The Jets are an absolute mess at quarterback: Geno Smith was the least-efficient passer in the NFL last year, posting a dismal -69 NEP (despite only 485 pass attempts). Rex Ryan prides himself on his defense, but last year his pass defense ranked in the bottom half of the league after adjusting for strength of schedule. Did you notice it’s a passing league these days?

Kansas City Chiefs

2013 Record: 11-5 (No. 6)

Projected 2014 Record: 7.8-8.2 (No. 18)

Playoff Probability: 35.5%

Primary Reason: Overperformed/Regression To Mean/Relied On A Flaky Stat

The Chiefs were the surprise team of 2013, and while they have improved dramatically under Andy Reid they certainly overperformed given their talent. Kansas City was bolstered by incredible defensive play. That included several defensive touchdowns, one of the most difficult statistics to maintain. Turnovers tend to be random on a year-to-year and week-to-week basis, and that’s a big reason why the Chiefs were so strong defensively a season ago. The No. 3 opponent-adjusted passing defense should regress back toward the middle of the league in 2014.

Baltimore Ravens

2013 Record: 8-8 (No. 14)

Projected 2014 Record: 7.4-8.6 (No. 23)

Playoff Probability: 25.8%

Primary Reason: Overperformed

Oh, how the mighty have fallen. After winning the Super Bowl two years ago, the Ravens will be hard-pressed to secure a playoff spot in 2014. Baltimore sacrificed the most NEP in the NFL by running the ball poorly and too frequently. According to NEP, the Ravens would have scored an estimated 52 more points last year if their running game had been league-average. Instead, they ran themselves right out of the playoffs. After posting the 27th-best NEP total among quarterbacks last season, the less said about Joe Flacco’s monster contract the better.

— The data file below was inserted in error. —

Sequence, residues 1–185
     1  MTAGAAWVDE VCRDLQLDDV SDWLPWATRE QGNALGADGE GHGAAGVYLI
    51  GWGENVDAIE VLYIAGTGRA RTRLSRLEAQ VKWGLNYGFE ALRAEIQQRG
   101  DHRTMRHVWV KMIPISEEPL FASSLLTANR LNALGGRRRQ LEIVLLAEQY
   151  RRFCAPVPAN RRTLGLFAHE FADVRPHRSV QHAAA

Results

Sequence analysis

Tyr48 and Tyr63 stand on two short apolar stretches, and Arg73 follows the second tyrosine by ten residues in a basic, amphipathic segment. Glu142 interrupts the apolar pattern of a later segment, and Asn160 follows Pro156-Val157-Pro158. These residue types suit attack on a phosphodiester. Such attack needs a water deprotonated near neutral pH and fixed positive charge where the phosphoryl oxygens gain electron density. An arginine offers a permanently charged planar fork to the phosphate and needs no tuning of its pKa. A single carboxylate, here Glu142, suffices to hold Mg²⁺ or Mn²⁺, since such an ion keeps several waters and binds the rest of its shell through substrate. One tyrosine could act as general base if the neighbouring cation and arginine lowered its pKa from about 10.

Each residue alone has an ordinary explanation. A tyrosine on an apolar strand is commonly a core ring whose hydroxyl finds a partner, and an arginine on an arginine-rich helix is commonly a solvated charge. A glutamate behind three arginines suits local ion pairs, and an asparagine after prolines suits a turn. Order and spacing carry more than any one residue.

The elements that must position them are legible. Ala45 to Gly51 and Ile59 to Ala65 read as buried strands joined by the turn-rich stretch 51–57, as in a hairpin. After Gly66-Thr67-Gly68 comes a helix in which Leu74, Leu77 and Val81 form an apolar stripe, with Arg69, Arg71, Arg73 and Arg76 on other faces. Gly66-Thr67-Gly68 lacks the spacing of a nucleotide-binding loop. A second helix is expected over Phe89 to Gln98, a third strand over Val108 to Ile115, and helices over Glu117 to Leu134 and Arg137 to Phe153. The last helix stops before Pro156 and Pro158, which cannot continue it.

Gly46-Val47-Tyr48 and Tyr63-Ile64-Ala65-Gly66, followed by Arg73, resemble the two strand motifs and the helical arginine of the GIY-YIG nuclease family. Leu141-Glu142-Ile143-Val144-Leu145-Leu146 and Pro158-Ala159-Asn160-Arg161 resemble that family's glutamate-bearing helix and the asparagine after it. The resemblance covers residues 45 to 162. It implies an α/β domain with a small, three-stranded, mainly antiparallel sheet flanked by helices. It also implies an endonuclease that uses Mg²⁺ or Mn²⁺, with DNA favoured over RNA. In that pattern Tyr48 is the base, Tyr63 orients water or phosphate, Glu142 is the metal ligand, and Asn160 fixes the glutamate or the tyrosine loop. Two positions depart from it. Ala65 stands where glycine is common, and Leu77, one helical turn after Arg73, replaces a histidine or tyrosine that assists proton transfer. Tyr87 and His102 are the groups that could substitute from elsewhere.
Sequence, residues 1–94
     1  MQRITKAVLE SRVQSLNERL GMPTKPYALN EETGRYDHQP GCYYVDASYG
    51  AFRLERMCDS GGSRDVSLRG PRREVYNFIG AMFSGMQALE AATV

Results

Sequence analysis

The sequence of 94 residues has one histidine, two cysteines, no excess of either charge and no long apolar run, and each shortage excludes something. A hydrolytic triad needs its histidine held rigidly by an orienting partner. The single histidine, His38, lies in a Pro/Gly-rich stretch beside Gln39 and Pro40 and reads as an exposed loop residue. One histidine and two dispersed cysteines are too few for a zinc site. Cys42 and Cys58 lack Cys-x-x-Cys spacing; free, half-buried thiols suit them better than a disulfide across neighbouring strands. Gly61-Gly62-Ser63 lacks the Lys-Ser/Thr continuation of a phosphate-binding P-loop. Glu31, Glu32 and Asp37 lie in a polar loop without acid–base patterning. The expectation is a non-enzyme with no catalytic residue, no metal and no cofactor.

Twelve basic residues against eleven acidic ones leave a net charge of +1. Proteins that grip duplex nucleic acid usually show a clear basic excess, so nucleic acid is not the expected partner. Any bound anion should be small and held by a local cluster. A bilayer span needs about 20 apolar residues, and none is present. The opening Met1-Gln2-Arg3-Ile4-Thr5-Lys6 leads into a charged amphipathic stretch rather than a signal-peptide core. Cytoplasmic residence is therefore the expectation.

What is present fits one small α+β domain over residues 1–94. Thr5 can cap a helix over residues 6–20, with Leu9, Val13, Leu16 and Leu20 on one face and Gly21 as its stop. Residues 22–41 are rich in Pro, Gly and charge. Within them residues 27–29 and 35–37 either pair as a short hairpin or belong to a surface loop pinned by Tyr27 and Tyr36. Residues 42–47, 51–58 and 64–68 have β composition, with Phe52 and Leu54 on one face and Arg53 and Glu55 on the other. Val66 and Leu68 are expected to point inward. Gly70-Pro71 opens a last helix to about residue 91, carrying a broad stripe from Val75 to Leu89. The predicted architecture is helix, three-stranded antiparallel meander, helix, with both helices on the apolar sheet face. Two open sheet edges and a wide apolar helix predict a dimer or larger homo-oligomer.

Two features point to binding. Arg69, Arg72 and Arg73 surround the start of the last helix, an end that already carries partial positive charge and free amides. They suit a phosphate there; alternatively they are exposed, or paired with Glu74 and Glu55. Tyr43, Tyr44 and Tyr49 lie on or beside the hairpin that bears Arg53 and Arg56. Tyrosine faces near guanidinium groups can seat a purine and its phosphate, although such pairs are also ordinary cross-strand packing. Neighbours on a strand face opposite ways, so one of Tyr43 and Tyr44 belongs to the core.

Dallas Cowboys

2013 Record: 8-8 (No. 14)

Projected 2014 Record: 7.5-8.5 (No. 22)

Playoff Probability: 25.7%

Primary Reason: Injuries

While Tony Romo continues to lead a strong offensive attack, the Cowboys’ defense continues to suffer. Going by 2013 NEP, the Dallas defense gave up nearly five points per game last season that a league-average defense would have prevented—fifth-worst in the NFC. That will need to improve dramatically for the Cowboys to contend in 2014. And considering top linebacker Sean Lee is already out for the season…

Indianapolis Colts

2013 Record: 11-5 (No. 6)

Projected 2014 Record: 8.0-8.0 (No. 14)

Playoff Probability: 43.6%

Primary Reason: Overperformed/Regression To Mean

Andrew Luck keeps leading an efficient offense while the defense has been lackluster. According to NEP, the Colts’ passing defense allowed an additional point above league-average for every 10 passing plays against them in 2013—that translates to about 3-4 additional points against per game allowed. Luck will take part in a lot of shootouts in the coming year (in particular Week 1 at Denver). With the cakewalk that is the AFC South though, the Colts are roughly a coin-flip to make the playoffs again in 2014.